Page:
More than 20 CIA operatives were on the ground when the US consulate in Benghazi, Libya, came under attack, resulting in the death of four Americans, including Ambassador Chris Stevens.
Sources have told CNN that during the September 11, 2012, attack on the consulate, 35 Americans, including about 21 CIA agents were working at the consulate and in a CIA base known as the annex, which was a mile away from the diplomatic mission.
Seven hours after the attack on the consulate, the secret CIA annex building came under fire, killing two former Navy SEALs. It is yet unknown how the attackers knew about what was supposed to be a secret CIA facility.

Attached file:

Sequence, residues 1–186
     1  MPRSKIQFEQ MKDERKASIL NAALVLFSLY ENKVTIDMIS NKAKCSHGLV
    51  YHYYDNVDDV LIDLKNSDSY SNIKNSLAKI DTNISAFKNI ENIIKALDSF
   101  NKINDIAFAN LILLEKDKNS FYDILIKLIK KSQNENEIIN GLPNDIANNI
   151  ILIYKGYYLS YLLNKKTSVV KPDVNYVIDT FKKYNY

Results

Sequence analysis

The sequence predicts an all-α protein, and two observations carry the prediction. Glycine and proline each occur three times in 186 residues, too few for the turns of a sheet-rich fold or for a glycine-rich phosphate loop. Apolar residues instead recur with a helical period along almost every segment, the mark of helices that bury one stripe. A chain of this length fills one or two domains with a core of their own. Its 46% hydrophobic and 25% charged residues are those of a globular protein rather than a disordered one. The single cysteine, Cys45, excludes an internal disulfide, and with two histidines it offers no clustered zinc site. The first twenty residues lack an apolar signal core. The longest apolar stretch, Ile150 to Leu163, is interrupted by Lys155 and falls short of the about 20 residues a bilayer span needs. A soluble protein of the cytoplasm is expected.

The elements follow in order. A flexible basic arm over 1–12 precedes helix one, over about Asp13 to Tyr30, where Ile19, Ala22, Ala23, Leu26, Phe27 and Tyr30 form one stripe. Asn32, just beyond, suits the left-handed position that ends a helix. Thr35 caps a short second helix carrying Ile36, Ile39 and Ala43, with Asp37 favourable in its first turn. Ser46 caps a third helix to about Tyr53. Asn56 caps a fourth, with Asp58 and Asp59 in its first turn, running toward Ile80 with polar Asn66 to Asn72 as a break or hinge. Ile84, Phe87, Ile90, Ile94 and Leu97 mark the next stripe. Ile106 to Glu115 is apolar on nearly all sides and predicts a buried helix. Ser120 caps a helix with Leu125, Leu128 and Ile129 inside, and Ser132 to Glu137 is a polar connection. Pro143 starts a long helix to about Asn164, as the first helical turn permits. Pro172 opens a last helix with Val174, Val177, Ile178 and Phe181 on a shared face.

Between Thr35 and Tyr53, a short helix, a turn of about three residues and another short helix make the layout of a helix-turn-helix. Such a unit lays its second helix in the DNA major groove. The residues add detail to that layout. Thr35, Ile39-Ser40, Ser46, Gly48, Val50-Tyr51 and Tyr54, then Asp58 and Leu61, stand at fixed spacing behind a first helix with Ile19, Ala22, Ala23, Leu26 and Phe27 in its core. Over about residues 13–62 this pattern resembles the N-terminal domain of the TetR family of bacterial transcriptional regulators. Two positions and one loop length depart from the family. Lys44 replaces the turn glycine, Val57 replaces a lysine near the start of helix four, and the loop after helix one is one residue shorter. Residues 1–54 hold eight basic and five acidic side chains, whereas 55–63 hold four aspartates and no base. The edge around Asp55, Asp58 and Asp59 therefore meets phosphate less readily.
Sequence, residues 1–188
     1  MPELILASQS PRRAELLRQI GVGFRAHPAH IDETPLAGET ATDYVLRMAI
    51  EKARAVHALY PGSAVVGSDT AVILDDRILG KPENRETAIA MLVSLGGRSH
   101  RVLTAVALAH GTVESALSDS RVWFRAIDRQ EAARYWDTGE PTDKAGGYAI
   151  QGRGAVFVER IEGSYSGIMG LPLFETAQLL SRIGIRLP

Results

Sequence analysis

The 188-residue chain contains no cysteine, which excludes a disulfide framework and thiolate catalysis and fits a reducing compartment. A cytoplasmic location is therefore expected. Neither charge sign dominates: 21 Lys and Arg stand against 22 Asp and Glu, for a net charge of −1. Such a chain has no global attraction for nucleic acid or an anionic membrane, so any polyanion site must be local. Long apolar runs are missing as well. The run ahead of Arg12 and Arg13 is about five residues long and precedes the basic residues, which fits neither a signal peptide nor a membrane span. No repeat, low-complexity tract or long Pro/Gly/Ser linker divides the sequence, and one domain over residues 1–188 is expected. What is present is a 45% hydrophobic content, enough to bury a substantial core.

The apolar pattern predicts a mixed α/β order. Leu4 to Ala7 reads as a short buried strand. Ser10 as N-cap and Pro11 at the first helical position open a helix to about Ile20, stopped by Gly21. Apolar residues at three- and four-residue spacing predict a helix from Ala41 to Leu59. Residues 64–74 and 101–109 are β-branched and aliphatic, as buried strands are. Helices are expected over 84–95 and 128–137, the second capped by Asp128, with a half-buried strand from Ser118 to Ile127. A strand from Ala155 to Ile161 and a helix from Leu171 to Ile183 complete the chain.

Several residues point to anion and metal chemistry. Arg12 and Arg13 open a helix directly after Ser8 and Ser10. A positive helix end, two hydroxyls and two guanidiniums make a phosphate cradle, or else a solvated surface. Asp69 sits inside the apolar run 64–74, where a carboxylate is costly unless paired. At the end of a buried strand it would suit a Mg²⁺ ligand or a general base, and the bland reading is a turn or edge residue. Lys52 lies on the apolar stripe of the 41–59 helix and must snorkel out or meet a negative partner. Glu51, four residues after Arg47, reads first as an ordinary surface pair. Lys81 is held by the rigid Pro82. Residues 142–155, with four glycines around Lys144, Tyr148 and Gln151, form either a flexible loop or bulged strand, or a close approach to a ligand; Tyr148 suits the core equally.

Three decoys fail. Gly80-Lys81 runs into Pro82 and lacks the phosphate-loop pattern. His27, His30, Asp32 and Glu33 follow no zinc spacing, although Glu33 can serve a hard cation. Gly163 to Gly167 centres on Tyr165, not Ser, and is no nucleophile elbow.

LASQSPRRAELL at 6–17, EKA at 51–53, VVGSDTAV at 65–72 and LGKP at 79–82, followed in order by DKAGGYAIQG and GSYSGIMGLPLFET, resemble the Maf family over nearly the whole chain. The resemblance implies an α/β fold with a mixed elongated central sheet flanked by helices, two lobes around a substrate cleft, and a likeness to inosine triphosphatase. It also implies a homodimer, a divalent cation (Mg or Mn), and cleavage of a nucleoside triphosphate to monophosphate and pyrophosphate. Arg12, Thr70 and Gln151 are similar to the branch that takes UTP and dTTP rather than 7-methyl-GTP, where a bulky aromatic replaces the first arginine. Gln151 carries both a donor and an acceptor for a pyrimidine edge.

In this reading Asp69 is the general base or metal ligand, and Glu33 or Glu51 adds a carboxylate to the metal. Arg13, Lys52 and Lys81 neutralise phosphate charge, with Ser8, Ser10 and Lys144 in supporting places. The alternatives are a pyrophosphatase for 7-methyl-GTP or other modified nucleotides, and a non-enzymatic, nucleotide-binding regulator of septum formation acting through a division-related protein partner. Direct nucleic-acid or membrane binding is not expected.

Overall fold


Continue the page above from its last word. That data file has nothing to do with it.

Sources have also told CNN that the CIA is involved in an unprecedented attempt to keep the spy agency's Benghazi secrets from leaking out.
In order to prevent any leaks, some CIA operatives involved in the agency's missions in Libya are being intimidated and threatened by the agency, with some being subjected to frequent, even monthly polygraph examinations.
Congress is worried about the lack of information and the pressure to silence CIA operatives.
"I think it is a form of a cover-up, and I think it's an attempt to push it under the rug, and I think the American people are feeling the same way," said US Rep. Frank Wolf, whose district includes CIA headquarters in Langley, Virginia.
"We should have the people who were on the scene come in, testify under oath, do it publicly, and lay it out. And there really isn't any national security issue involved with regards to that," he said.